Jente Verbruggen is a nurse at the hospital of the University of Leuven. She asked herself this fundamental question: how high will her pension be by the time she retires? It’s hard to give an exact answer to this question because it requires us looking into the future. But we can start by understanding how the Belgian state calculates your pension and come to an estimate.
The four pillars of the Belgian pension system
Your pension comes from contributions from four so-called pillars:
- State pension (pillar 1). The government entitles every Belgian worker, whether employee, freelancer or public servant, to a state pension. The amount is dependent on the number of years that you’ve worked throughout your career as well as the salaries that you’ve earned. The higher your salary during your working life, the higher the state pension will be.
- Occupational pension (pillar 2). This is called “aanvullend pensioen” (Dutch) or “pension complémentaire” (French). The contributions are paid through your employer and carry a tax break. Usually, both your employer as well as yourself contribute to the occupational pension.
- Personal pension savings with a tax break (pillar 3). You can choose to save additional funds for your pension outside of your employer. This is called “pensioensparen” (Dutch) or “épargne-pension” (French). Like the occupational pension, it comes with a tax break. You can read more about this form of pension in our guide.
- Voluntary personal savings with no tax break (pillar 4). Any further saving that you do on your own, for instance by contributing to a savings account or by investing your savings, fall into this category. This type of saving is not part of a state-subsidized scheme so you cannot take advantage of any tax breaks.
It’s possible to save through all four pillars. Your final pension will be the accumulation of the contributions of each.
The majority comes from the state pension
For most people, the majority of the pension will come from the state pension (pillar 1). Mercer calculated that the state pension will contribute 62% to the pension of an average employee wishing to maintain his standard of living, meaning a pension equal to his last salary. The rest will have to come from the other three pillars. The higher your pension, the more you will have to save outside of the state pension.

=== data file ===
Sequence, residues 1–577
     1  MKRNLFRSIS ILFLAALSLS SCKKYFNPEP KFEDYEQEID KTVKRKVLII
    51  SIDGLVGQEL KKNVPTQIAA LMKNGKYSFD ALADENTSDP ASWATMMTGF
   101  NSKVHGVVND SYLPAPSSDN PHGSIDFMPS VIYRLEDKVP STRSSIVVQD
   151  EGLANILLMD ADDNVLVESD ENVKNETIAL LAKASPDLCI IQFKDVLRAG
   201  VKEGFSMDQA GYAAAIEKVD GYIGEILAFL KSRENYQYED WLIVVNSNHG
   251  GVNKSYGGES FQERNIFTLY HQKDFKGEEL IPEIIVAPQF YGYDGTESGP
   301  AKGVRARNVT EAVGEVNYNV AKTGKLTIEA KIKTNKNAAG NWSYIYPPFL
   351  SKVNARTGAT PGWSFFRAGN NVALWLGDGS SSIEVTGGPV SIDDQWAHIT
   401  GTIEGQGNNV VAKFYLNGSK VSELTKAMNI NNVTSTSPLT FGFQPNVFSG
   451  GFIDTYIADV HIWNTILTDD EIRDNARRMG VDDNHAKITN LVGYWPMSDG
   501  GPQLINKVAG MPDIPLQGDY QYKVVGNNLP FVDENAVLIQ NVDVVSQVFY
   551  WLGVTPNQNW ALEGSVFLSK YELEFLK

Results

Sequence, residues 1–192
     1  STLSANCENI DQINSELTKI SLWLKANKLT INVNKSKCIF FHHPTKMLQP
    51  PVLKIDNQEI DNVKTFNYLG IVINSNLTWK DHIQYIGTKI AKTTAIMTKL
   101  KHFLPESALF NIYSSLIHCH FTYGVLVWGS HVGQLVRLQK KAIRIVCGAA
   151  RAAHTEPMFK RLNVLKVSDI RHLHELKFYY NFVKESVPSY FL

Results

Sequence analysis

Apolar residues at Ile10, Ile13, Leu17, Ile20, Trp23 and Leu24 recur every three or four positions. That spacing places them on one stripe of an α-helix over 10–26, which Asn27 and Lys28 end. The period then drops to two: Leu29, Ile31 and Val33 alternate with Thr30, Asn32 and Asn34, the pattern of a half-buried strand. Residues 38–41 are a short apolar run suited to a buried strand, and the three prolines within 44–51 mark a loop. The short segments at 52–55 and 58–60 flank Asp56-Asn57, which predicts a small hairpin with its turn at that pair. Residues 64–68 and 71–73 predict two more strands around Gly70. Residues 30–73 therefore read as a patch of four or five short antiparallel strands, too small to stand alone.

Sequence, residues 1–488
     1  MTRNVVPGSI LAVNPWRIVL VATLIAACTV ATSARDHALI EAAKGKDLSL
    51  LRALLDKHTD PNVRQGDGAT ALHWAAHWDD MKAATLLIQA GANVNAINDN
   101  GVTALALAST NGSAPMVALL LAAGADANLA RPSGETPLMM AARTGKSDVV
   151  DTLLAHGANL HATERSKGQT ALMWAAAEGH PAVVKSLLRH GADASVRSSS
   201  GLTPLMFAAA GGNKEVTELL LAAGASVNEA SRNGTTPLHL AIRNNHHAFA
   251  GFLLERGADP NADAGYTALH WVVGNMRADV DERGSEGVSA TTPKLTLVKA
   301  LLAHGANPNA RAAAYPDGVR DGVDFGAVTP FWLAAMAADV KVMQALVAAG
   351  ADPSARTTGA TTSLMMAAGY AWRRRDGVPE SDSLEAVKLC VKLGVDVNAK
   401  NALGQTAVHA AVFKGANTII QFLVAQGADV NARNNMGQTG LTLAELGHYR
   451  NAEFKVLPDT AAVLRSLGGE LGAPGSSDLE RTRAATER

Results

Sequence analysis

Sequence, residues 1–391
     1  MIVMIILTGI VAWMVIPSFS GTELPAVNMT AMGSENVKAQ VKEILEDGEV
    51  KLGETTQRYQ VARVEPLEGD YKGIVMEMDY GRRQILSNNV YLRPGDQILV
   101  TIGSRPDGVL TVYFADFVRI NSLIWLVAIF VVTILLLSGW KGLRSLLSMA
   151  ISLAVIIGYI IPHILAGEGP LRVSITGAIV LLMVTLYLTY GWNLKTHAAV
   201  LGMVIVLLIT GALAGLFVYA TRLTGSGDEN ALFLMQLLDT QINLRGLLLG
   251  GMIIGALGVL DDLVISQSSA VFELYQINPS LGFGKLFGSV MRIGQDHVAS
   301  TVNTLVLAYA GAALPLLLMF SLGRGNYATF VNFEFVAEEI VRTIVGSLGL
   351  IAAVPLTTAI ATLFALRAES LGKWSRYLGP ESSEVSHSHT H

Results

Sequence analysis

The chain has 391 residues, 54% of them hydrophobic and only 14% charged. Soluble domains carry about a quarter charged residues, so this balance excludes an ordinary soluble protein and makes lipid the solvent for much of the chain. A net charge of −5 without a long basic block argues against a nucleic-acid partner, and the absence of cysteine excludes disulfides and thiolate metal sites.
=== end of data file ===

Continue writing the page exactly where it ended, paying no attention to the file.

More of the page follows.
In the rest of this article, we will focus on estimating the state pension.
Calculating the state pension
First of all, the state pension is calculated differently for employees, public servants and freelancers. We will focus on employees only.
The calculation itself is pretty complicated. It takes into account what age you started working, what salary you were earning for each of your working years, a revalorisation index to account for account inflation, etc… For this reason, we built a pension calculator that calculates this for you! All we need to know is:
- your age,
- at what age you started working,
- what salary you were earning when you started working, and
- what salary you estimate to be earning right before retirement
And it figures out an estimate for the state pension when you retire at age 67.
As an example, let’s imagine that you:
- are 29 years old
- started working at 22
- were earning a monthly pre-tax salary of €2,800 when you started (about €1,900 after taxes)
- will be earning €5,000 pre-tax by the time you retire (about €2,800 after taxes)
Your state pension will be around €1,725 per month. Note that this is in today’s money. By the time you retire in 2057, inflation will have raised all prices. Your actual pension will be €3,716 but that equals to about €1,725 when converting to today’s prices.
How can I increase my pension?
You can raise your state pension only by earning a higher salary during your career. However, you can augment your total pension by saving through one of the other three pillars:
- set up an occupational pension scheme with your employer (pillar 2)
- open a pension saving account with a bank (pillar 3)
- contribute to a nest egg and boost its returns through investing (pillar 4)
In the article, we gave a bird’s eye view of how the Belgian state calculates your pension. The four pillars that make up the system are fundamental to understand how your pension is determined. Of the four pillars, the state pension (pillar 1) is the most important contributor for most people’s pension. You can use our pension calculator below to find out an estimate of your state pension!